Todd Sklar, who I know from his work up at the Sundance Labs, wrote in to agree with a lot of the points I raised in my post-mortem of The Nines. His experience with the indie film he made and self-released is alternately inspiring and exhausting, but worth careful attention for anyone considering making a festival feature.
They basically treated their indie film like an indie band, going gig to gig and selling out of the back of their car. It worked, more or less, but it demanded an amazing amount of chutzpah and commitment, which not all filmmakers are going to be able to muster.
While I was at the labs, I was in the midst of making a low budget feature, which I’ve now completed, and also self-distributed throughout 34 markets.
Along with some of my cast and crew, I accompanied the film on the road for 3 months in order to help market the film in each city. We basically set the whole thing up like a band would do for a tour, supplementing the screenings with intensive grass-roots marketing and also using social networking sites to create a viral buzz prior to our arrival.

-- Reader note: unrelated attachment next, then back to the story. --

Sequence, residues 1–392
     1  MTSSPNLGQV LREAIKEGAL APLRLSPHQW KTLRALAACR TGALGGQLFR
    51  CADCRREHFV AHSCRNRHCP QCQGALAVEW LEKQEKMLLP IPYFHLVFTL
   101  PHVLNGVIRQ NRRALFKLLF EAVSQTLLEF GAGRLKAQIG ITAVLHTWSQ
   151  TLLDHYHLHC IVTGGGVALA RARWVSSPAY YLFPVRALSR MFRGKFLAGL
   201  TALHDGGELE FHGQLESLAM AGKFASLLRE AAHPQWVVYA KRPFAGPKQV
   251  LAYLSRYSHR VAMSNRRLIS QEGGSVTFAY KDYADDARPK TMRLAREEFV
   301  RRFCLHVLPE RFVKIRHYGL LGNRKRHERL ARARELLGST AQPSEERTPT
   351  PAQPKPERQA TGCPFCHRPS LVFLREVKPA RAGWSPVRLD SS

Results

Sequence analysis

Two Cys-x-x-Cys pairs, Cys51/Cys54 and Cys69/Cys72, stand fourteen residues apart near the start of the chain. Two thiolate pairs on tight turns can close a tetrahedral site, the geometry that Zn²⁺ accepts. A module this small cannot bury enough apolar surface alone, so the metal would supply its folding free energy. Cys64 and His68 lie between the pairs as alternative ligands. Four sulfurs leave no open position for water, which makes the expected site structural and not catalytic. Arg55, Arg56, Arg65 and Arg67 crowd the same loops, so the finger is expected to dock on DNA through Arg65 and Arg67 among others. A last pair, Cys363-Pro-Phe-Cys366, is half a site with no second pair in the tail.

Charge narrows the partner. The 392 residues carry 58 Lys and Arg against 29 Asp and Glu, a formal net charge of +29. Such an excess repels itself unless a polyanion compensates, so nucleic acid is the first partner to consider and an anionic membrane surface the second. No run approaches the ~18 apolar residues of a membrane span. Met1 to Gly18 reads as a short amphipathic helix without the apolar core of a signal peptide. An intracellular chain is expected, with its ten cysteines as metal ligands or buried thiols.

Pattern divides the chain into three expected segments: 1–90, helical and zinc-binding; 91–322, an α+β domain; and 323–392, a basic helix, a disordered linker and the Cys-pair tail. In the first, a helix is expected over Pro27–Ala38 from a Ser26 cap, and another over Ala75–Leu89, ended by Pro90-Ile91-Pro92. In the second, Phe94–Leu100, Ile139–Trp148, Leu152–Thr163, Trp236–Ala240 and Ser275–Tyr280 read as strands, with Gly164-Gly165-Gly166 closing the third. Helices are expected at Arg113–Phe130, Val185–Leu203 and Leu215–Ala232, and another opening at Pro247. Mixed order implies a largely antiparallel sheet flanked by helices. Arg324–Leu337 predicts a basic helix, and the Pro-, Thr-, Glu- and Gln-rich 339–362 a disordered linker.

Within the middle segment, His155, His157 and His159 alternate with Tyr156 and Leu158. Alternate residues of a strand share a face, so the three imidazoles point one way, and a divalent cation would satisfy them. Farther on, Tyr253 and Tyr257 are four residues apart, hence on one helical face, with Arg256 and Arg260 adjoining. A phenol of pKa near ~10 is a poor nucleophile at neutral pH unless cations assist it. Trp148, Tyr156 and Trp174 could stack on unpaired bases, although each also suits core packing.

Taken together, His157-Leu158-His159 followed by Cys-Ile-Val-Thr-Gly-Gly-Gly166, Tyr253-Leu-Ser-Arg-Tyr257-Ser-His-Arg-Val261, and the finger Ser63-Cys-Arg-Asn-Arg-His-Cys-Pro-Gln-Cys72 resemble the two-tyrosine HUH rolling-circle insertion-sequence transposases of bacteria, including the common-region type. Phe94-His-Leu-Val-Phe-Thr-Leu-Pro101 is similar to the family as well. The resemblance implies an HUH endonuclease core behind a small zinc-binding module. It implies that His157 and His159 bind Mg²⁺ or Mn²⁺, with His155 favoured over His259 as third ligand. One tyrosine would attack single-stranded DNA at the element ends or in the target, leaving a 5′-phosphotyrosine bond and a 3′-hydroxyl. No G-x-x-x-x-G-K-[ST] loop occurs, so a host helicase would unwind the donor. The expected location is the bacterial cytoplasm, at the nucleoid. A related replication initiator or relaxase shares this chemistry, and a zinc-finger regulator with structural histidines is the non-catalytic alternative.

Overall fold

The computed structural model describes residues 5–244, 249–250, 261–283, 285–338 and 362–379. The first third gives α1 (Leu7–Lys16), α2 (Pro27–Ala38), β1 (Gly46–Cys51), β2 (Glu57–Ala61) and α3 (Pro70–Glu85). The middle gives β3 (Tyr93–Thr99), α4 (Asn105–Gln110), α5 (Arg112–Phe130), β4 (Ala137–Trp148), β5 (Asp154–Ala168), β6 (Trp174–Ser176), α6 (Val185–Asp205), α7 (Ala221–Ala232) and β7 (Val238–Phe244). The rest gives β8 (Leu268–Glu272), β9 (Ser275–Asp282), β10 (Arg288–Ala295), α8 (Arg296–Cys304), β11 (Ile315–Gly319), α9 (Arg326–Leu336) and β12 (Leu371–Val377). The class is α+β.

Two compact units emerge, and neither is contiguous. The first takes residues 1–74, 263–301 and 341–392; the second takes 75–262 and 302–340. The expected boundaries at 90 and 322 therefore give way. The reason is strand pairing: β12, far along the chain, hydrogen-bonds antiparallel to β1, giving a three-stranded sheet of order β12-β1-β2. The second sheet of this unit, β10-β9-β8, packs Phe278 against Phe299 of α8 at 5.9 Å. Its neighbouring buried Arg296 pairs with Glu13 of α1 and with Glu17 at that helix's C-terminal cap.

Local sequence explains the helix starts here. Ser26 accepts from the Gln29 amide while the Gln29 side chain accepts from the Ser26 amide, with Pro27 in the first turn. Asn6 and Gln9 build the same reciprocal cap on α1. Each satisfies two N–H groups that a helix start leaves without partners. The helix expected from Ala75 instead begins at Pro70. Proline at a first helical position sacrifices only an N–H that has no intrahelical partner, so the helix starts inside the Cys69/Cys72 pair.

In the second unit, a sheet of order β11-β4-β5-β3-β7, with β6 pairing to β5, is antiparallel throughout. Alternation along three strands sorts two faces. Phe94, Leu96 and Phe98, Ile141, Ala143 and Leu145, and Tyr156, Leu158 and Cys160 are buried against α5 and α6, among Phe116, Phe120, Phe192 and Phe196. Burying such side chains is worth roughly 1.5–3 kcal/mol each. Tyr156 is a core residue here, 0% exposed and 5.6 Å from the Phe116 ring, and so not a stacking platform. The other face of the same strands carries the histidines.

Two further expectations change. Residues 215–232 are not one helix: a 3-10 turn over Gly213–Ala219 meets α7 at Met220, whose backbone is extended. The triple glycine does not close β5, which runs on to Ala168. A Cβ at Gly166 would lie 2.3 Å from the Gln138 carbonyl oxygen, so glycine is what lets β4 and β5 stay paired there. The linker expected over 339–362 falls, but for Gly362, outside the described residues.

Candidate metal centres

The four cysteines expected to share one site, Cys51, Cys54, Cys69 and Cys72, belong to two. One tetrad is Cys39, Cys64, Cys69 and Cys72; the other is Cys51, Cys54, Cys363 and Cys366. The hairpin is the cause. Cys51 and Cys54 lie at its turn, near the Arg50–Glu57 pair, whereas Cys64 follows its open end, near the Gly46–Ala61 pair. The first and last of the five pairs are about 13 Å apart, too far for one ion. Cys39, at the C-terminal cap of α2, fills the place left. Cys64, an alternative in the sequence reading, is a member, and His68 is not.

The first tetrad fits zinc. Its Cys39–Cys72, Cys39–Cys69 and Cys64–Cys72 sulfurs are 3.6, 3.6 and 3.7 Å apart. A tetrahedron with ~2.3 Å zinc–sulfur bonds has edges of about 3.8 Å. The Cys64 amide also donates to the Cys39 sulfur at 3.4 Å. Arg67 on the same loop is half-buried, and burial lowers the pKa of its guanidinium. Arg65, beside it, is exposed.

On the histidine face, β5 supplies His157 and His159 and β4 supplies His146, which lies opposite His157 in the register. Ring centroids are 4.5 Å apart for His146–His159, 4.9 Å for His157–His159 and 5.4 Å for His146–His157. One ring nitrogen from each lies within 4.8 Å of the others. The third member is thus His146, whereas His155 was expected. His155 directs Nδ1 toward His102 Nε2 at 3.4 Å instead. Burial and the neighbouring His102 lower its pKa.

Our entire model was conceived around the concept of using the theatrical release as a tool for the ancillary benefits it can provide: building a fan-base for future projects, acting as a platform and catalyst for DVD and download releases, and providing a ton of press exposure and validation for the film to name a few.
As such, our overall goal for the tour was to break even. We felt that if we could sustain the touring of the film for the entire 3 and half month tour, the real reward would be the opportunities that would develop by maintaining the film’s limited theatrical life for as long as possible, and in as many different places as possible. I compare it a lot to when companies will build a brand, in order to create a name for themselves amongst their target audience, or when a politician will it the road to raise awareness of his campaign.
In the end, we sold a little over 9,600 tickets, as well as 800+ DVDs, despite only having them available at the last 11 screenings.
We split our ticket sales directly with the theatres, and used niche-oriented marketing to keep promotional costs down, and in the end, we grossed around $32,000 theatrically. After factoring in all the expenses, we found ourselves with a profit near $11,000. As a result, we’ll be touring again in the fall & spring, while also bringing a handful of other films with us in an attempt to make this a repeatable and sustainable distribution model.
You can check out more info on the film here; www.boxeldermovie.com. Plus there’s more verbiage on the aforementioned self-distribution stuff if you’re intrigued. We’re creating a postmortem document similar to your blog post in regards to the tour.
Again, excellent post and viewpoint on the matter, and thanks again for all that you do.